Apparently, this line plays well in Florida.  Though, if I were the parent of a Florida university student, I’m not sure I’d agree with that.

Some statistics on community residents of college age, and some important things that we don’t know.

Just to make sure we know what we’re dealing with, let’s look at statistics for Virginia.  Among community residents, age 20-29 (my best analogy for college students, given what Virginia reports), for those diagnosed with COVID-19, the odds are:

  • 1-in-65 chance of being hospitalized
  • 1-in-4000 chance of dying

These statistics cannot be translated directly into estimates for college campuses.  They reflect testing practices in the community.  In theory, the only community residents getting tested are those with significant COVID-like symptoms, or close contacts of individuals known to be infected. By contrast, colleges with a systematic testing program are apt to identify far more total infections, and far more mild infections, particularly given that about 40 percent of US infections are now thought to be asymptomatic (never have significant symptoms).

As a result, you’d expect to see lower rates of hospitalization and death, per diagnosed case, among college students.  But just how much lower seems all-but-impossible to say.  I have yet to come across a college COVID-19 tracker that even lists hospitalizations specific to students. (Although some do list hospitalizations, but if you read the footnotes, they will typically be all hospitalizations for all ages with a specific area or health care system).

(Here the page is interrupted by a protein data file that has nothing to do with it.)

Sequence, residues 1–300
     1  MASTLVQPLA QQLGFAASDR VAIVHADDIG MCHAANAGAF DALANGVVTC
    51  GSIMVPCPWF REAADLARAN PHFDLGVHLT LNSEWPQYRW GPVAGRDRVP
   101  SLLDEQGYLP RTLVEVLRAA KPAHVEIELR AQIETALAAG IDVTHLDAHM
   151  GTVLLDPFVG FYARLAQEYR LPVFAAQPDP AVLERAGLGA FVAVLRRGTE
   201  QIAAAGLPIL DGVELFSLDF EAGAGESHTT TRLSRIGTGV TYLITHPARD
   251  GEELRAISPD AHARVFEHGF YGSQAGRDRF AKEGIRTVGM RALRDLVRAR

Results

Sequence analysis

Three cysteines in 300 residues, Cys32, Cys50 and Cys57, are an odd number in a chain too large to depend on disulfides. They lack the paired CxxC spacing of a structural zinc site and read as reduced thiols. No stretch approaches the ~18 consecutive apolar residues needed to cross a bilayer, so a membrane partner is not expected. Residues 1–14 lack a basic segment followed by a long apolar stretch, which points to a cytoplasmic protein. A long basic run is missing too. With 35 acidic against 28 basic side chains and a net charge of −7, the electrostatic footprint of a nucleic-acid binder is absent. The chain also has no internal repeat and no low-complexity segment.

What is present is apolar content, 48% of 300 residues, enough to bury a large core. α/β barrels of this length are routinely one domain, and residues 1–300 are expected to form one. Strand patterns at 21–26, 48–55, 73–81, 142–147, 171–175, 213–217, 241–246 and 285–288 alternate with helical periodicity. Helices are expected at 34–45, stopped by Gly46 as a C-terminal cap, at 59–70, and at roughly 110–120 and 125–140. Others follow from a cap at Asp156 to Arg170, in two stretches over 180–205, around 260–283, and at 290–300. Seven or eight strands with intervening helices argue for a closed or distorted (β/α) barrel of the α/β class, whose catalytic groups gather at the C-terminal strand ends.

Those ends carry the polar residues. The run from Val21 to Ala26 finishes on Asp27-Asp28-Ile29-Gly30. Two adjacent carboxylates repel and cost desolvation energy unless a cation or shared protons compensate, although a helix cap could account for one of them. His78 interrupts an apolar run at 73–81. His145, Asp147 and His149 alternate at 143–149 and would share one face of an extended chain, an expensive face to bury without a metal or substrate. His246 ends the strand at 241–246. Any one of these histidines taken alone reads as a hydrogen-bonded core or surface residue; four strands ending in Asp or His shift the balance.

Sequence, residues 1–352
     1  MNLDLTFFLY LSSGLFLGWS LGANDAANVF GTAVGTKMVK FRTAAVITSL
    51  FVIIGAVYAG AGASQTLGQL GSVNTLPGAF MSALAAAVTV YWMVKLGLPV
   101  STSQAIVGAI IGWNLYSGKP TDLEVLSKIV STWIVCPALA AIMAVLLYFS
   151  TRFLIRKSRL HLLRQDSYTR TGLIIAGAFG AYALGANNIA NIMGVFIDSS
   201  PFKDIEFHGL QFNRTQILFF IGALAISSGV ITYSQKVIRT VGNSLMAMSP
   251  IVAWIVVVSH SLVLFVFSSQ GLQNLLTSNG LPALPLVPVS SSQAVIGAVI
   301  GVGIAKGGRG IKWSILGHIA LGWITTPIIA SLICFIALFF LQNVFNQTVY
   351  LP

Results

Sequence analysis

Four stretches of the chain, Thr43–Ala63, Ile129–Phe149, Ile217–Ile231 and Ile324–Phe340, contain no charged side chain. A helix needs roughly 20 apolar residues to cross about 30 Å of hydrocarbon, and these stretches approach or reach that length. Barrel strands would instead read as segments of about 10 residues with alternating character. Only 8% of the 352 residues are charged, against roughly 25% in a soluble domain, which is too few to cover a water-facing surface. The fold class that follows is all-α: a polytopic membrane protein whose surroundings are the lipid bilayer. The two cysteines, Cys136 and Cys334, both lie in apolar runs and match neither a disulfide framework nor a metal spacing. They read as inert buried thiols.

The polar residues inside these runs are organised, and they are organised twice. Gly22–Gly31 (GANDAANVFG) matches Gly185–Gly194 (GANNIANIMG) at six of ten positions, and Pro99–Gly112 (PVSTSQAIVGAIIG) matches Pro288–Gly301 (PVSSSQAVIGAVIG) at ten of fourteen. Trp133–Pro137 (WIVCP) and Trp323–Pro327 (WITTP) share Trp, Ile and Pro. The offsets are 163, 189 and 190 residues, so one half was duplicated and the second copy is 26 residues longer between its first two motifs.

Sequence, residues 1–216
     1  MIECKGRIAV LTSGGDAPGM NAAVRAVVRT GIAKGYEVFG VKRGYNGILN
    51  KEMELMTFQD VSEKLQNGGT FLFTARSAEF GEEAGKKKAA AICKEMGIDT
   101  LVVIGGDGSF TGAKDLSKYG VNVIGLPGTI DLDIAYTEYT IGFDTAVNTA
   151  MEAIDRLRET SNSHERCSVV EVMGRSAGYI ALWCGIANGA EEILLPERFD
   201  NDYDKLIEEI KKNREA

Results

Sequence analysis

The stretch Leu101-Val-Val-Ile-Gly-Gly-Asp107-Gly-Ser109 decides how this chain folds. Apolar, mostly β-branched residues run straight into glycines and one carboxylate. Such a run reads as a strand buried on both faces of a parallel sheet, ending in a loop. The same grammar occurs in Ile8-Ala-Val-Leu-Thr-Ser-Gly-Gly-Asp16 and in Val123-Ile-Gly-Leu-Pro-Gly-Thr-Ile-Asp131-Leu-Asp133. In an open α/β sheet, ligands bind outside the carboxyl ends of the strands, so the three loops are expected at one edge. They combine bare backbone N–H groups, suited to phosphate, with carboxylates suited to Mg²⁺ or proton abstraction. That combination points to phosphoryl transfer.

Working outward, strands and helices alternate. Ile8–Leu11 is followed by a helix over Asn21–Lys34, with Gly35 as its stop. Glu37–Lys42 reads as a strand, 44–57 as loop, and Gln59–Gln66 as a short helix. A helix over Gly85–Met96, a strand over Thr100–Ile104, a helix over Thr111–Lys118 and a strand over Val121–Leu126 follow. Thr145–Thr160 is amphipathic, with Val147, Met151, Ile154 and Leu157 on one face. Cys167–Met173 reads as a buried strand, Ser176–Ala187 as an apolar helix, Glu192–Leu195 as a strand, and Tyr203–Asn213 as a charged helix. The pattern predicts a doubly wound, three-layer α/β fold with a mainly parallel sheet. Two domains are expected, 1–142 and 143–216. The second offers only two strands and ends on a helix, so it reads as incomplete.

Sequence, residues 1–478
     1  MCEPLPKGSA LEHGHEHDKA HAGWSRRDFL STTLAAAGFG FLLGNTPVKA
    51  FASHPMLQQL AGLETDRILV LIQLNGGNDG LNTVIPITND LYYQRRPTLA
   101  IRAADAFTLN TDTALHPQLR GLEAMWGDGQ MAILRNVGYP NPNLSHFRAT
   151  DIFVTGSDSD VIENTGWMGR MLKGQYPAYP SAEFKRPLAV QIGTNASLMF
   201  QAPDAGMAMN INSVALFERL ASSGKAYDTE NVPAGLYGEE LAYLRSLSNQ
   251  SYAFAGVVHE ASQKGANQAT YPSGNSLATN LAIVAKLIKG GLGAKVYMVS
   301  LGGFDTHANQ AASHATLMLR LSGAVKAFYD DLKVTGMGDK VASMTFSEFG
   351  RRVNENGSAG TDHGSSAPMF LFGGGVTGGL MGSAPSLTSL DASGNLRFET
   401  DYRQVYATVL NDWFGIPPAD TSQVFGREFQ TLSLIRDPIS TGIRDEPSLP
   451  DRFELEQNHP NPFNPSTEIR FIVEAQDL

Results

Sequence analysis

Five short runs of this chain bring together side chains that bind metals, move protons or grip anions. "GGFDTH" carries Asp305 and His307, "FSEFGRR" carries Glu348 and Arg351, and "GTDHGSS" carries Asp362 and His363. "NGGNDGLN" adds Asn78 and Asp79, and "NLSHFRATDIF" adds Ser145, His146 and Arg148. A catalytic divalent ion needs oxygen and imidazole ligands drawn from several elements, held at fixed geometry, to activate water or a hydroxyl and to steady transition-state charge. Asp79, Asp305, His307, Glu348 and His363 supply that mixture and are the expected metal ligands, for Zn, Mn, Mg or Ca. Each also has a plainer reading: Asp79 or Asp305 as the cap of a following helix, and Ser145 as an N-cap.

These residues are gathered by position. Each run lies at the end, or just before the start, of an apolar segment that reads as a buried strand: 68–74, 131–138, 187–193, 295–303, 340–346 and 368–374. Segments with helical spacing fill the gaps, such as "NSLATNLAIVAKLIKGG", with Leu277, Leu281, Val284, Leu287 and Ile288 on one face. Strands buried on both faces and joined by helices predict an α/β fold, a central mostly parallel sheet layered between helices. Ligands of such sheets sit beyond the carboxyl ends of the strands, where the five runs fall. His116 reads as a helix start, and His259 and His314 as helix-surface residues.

Across all ages, it appears that the overwhelming majority of those hospitalized for COVID-19 take a very long time to recover fully.  If ever.  This study from Italy found that 88% of those hospitalized for COVID-19 (and surviving) had significant residual symptoms two months later.   At the minimum, for a severe case (requiring hospitalization), some lung scarring (fibrosis) seems to be almost inevitable (> 90%, per this reference), although severe long-term scarring is reported to be rare.

What has not been quantified well, at all, is the potential for short-term and long-term organ damage, both for the hospitalized population and for those not sick enough to require hospitalization. 

First, the presence of long-term organ damage from an acute viral infection is not a new concept.  This has been widely recognized for Epstein-Barr virus, and Zika, and the earlier SARS viruses (SARS 2003, MERS),  all frequently led to long-term problems.  So it’s unsurprising that COVID-19 would generate some damage of that sort.  As did the last two SARS epidemics.